Your friend on a Western Colorado Farm,

Linda

 

 

 

The Trees in Winter January 6, 2014

EveningI’m always surprised to see that the trees in winter have leaf buds waiting patiently on each and every branch and stem.  I read somewhere that the bud is full of starch waiting for water from the roots system to reach them.  Cocooned in a lovely sack of food.  Once spring comes, the snows melt, and the rains descend, water is available for the roots.

Then, when the wind blows, all the systems come together…the wind shakes the trees, the roots drink up, the inner workings carry inch by inch the leaf producing water to the starch. The bud starts to feed and drink and grow until we get to see LEAVES!  Beautiful, new, spring green leaves! That ripen into lush dark green summer leaves.

Yellow-Leaves

Until then we wait…along with the trees and the leaf buds…. for spring.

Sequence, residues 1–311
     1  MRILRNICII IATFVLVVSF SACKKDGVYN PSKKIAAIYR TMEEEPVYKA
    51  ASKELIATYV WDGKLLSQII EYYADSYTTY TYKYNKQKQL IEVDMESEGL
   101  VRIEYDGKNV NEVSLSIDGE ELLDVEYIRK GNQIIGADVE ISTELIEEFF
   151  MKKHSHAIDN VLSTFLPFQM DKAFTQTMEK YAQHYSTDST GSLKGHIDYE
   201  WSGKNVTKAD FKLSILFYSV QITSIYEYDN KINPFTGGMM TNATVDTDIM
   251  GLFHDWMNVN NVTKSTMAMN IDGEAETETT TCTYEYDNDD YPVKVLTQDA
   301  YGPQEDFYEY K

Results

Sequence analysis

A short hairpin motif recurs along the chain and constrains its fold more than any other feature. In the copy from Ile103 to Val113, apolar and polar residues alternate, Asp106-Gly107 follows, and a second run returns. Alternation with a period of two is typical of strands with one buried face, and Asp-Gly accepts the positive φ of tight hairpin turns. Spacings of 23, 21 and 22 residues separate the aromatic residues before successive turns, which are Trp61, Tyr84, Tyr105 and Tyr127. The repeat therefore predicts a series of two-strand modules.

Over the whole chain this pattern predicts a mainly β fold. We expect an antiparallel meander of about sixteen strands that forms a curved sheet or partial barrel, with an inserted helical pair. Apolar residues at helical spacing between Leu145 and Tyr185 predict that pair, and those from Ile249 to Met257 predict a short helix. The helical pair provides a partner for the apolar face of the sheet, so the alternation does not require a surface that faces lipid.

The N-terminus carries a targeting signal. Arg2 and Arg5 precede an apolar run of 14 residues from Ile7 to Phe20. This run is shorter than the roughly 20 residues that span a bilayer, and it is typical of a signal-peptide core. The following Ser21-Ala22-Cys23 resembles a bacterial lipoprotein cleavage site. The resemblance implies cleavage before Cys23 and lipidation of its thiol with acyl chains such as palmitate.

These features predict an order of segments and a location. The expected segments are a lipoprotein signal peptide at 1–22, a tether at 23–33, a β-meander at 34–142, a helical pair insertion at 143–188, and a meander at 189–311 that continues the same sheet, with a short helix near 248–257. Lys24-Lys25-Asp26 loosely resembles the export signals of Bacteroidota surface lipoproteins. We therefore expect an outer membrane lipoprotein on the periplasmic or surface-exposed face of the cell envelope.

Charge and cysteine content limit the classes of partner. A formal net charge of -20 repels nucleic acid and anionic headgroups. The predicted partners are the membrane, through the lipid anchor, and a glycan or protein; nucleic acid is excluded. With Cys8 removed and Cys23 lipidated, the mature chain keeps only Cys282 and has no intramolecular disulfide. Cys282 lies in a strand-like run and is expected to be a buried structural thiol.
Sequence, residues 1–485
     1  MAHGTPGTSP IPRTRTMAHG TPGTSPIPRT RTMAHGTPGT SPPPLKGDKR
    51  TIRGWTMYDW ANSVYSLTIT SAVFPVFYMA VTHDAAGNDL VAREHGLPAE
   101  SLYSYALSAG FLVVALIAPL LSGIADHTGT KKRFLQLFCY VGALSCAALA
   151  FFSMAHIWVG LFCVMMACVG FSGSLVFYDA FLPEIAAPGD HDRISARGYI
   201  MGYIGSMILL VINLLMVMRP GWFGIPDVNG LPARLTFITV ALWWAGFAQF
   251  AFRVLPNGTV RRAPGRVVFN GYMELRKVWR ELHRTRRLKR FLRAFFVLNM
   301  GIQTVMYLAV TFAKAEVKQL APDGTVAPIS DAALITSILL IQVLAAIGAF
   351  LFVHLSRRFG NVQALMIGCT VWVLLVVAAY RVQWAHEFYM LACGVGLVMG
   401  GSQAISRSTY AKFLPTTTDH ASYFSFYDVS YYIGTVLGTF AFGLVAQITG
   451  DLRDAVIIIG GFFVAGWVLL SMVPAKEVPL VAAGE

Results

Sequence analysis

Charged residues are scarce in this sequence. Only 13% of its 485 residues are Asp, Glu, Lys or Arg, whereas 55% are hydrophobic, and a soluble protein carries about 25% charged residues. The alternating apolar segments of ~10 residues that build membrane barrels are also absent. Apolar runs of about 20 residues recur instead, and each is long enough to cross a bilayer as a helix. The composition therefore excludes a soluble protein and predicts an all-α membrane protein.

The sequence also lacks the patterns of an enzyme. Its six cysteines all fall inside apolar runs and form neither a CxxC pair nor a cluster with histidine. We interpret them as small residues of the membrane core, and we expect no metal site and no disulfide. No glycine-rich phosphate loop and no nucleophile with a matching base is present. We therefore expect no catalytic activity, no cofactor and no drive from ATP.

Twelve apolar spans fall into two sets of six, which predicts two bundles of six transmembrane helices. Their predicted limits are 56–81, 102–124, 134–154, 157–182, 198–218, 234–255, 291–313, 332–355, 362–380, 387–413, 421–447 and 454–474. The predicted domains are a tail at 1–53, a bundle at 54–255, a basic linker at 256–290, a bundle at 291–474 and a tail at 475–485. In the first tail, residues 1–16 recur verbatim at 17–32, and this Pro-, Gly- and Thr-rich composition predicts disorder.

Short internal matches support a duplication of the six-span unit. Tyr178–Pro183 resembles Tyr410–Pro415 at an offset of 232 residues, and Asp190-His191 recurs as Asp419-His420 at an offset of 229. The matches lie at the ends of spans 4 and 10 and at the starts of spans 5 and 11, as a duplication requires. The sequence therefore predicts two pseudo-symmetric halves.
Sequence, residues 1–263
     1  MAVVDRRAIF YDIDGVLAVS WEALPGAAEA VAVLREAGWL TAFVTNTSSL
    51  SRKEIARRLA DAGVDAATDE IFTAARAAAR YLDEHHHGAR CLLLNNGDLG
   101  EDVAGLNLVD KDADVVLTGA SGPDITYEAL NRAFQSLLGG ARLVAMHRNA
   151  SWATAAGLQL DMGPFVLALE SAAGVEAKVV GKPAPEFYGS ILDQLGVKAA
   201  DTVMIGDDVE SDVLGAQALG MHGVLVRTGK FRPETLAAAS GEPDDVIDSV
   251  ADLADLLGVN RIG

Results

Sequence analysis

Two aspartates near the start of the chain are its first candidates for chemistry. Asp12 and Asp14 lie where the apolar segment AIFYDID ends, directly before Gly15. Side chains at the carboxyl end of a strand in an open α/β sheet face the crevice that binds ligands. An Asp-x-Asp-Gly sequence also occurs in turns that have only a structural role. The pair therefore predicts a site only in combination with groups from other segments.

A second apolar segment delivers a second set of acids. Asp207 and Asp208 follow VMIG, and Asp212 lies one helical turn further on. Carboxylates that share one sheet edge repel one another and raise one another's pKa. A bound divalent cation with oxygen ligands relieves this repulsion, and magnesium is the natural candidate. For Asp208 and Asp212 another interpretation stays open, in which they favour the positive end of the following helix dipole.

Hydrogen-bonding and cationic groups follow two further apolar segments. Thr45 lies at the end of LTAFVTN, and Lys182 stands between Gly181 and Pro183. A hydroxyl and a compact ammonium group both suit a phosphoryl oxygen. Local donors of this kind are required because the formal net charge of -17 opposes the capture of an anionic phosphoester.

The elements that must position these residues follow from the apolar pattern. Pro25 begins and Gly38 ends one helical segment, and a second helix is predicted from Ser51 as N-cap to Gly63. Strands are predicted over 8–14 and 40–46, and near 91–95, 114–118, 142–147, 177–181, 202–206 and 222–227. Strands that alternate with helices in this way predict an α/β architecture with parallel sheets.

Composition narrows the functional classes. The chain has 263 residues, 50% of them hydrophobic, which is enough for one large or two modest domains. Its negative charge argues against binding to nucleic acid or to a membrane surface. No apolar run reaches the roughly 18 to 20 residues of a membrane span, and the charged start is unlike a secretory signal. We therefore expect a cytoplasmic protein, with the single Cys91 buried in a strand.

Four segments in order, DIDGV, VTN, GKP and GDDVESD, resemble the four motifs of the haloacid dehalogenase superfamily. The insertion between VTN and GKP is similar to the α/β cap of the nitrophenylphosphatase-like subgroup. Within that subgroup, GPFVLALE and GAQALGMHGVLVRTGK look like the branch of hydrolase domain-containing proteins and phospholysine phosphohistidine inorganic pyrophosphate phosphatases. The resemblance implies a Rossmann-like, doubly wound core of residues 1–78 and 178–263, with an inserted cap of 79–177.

TreesWhile we wait the winter skies fill our days with brilliant showy colors!

It’s still cold here…woke up to 2 above Zero (F).  -16 C.  But the weather person says a warm up is on it’s way.  Thursday we would wake up to 12 f (-11 c).

Although, we are cold it is nothing like some of you are experiencing.  Sending Magic Thoughts your way for warmer temperatures soon!

You Farm Friend,

Linda

 

 

Sunday, January 6, 2013

We warmed up yesterday just for about thirty minutes…then it dropped rapidly and we froze back up.

Warmer

But for that short length of time the snow on the carport started to melt and drip off.

Drops

 

(You can see the two tiny drops against the background of the metal building, I hope)

I tried really hard to get a photo or two of the delightful melt, but they didn’t turn out very well…:)

More-Drops

Oh, well…short lived, but very enjoyed.

I hope your Sunday goes pleasantly for everyone.  Fuzzy goes in for his operation Thursday morning.  I am concerned that I’m doing the right thing…I sure hope so.

Linda